Drought + Heat Stress During Corn Pollination
RL (Bob) Nielsen, Purdue Agronomy
Drought stress combined with excessively hot air temperatures during the important pollination process can easily result in pollination failure or early kernel abortion in corn. Pollination may fail because of dessicated exposed silks, non-viable pollen, or asynchrony of silk emergence with pollen availability. Kernel abortion typically occurs prior to the kernel "milk" stage (R3) and most easily in the first week or so after successful pollination when photosynthetic output is not sufficient to meet the needs of the developing kernels. Failure of ovule fertilization by pollen results in "blank" cob tissue with no evidence of any kernel development at all. Abortion of newly fertilized ovules may occur so rapidly after fertilization that it appears that pollination failed. Abortion of kernel development in the week or two following pollination results in shriveled, white to yellow kernels scattered amongst surviving kernels.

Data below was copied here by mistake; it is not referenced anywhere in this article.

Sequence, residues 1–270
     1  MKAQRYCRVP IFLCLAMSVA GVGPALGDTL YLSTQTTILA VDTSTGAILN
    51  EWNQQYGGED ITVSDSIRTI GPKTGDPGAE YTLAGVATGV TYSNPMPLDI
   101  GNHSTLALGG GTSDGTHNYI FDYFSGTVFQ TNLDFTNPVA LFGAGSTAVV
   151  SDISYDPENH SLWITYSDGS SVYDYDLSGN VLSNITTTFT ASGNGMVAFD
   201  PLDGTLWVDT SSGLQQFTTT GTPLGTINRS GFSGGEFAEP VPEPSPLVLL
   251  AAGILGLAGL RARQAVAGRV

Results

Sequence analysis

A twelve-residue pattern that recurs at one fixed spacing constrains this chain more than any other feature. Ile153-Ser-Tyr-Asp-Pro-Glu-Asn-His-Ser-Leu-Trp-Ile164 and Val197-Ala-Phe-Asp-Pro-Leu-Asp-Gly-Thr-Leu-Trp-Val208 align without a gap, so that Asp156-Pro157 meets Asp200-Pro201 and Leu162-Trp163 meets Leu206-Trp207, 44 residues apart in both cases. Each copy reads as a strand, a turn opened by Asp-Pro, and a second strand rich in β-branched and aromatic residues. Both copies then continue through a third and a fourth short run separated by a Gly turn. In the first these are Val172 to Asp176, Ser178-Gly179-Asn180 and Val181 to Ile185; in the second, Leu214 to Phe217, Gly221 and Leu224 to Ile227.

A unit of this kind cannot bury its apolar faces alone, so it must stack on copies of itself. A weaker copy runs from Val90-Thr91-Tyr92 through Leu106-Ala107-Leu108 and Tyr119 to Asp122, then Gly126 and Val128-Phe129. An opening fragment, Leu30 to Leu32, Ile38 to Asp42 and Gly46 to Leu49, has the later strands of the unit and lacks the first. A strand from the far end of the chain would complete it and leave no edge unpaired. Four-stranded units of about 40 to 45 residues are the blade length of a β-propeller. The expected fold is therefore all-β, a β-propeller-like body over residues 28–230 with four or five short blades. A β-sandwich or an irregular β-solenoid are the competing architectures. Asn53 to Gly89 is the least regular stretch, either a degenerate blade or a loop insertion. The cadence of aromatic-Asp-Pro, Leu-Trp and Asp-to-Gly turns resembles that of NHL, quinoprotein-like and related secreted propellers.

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White, shriveled aborted kernels
Combination of "blank" cob tissue (failed pollination) and white, shriveled aborted kernels
"Blank" cob tissue (failed pollination)